The digitised collection also includes issues of the famous Ukrainian literary journal Osnova (published January 1861–October 1862). Osnova united Ukrainian writers and scholars who wrote fiction, poems, works on history, bibliography, literary criticism, etc. The journal had a noticeable impact on Ukrainian cultural and literary life. Over 70 poems by Shevchenko appeared in it. Novels and poems by well-known Ukrainian writers such as Panteleimon Kulish, Leonid Hlibov, Oleksa Storozhenko, Oleksandr Konys’ky, Hanna Barvinok, Marko Vovchok and others were also published in this journal as well as scholarly research. For instance, Mykola Kostomarov, an outstanding historiographer and historian, contributed scholarly articles and discussed contemporary issues of Ukrainian history. It is important to note that the British Library Archives and Manuscripts catalogue provides an analytical description of all novels, articles and cycles of poems printed in Osnova and other serials.
Osnova, 1861, July-September (ref. EAP657/2/1/19); Khata [almanach], 1860 (ref. EAP657/2/1/13)
The collection also includes some digitised editions of translations of Shevchenko’s works, among them translations into Polish by Antony Gorzałczyński (1862). In the preface to the book Gorzałczyński wrote that Shevchenko’s poetry is a huge lute, composed of a million strings of folk feelings. It contains crying, laughter, pain, groaning, and even mad despair - everything has its own strings and chords. Few of Shevchenko’s contemporaries understood the scale of his legacy so deeply as Gorzałczyński.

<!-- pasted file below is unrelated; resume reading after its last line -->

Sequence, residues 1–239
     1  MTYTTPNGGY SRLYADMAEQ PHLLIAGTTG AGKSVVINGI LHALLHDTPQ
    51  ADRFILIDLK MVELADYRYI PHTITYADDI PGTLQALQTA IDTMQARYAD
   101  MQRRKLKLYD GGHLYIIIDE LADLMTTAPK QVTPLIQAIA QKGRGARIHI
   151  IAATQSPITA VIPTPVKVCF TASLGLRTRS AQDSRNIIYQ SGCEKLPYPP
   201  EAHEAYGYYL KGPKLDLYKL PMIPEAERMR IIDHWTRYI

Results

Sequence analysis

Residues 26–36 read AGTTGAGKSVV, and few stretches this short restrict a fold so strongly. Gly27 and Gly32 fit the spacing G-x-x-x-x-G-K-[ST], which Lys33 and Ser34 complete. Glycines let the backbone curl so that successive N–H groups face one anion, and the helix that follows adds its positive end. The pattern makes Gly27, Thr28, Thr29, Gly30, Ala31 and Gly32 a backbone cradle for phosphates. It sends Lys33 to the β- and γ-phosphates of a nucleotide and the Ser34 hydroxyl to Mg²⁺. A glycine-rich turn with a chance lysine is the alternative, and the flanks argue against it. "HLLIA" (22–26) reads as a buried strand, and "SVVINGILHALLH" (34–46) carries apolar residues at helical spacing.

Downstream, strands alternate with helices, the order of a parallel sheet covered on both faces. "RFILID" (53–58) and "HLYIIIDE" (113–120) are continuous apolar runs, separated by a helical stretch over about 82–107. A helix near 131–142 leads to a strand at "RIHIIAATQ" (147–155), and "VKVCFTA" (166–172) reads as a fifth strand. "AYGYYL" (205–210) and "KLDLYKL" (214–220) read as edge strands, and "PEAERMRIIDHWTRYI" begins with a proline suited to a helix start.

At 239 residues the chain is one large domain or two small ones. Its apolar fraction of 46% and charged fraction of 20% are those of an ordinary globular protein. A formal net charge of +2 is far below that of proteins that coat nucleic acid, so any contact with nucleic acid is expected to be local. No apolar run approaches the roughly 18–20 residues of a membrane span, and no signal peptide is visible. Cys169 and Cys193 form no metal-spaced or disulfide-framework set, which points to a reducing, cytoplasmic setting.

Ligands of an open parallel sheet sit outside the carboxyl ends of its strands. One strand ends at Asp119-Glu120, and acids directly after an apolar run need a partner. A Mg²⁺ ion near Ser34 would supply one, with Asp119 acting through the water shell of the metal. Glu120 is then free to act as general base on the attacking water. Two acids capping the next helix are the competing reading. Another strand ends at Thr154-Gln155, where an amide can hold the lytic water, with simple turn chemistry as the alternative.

Antony Gorzałczyński, Przekłady pisarzów małorossyjskich. T. 1: Taras Szewczenko (z portretem). (Kyiv, 1862). (ref. EAP657/2/3/4)
In ‘Publications of Shevchenko era’, which is another part of this e-collection, there are digitised books by the Ukrainian writers Panteleimon Kulish, Marko Vovchok, Mykhailo Hrushevs’ky, Osyp Bodians’ky, and others, as well as ‘Notes of the Shevchenko Scientific Society’ in Lviv, primers and reading books for children, and other publications characteristic of that era.
An important part of the collection are archival materials which include documents, letters, and manuscripts relating to Shevchenko. Among them: ‘Case of the arrest of A. Navrotsky, V. Belozersky and T. Shevchenko’ (1847), after which Shevchenko spent more than 10 years in exile (ref. EAP657/1/10); ‘Case of the Ukrainian Slavic Association’ (1847) (ref. EAP657/1/14); and ‘Case of the despatch of the private Taras Shevchenko to Ural’sk city’ (1857) with correspondence about the release of Shevchenko from exile (ref. EAP657/1/7).
‘Case of the arrest of A. Navrotsky, V. Belozersky and T. Shevchenko’ (28 Mar 1847–04 Aug 1847) (ref. EAP657/1/10)
Now, after the full-scale Russian invasion of Ukraine, when the Ministry of Culture of Ukraine reports 1322 cases of damage or destruction of cultural objects and buildings, including 508 libraries, international projects to digitise Ukrainian cultural heritage are gaining special importance. This work provides an opportunity for the long-term preservation of collections, at least in digital form, and provides access to them for readers.
Nadiia Strishenets, Leading researcher at the Vernadsky National Library of Ukraine and British Academy Fellow
Volodymyr Orlovsʹkyĭ (1842–1914), Mykola Pymonenko (1862–1912), (Khmelnytskyi, 2006.): LF.31.a.3570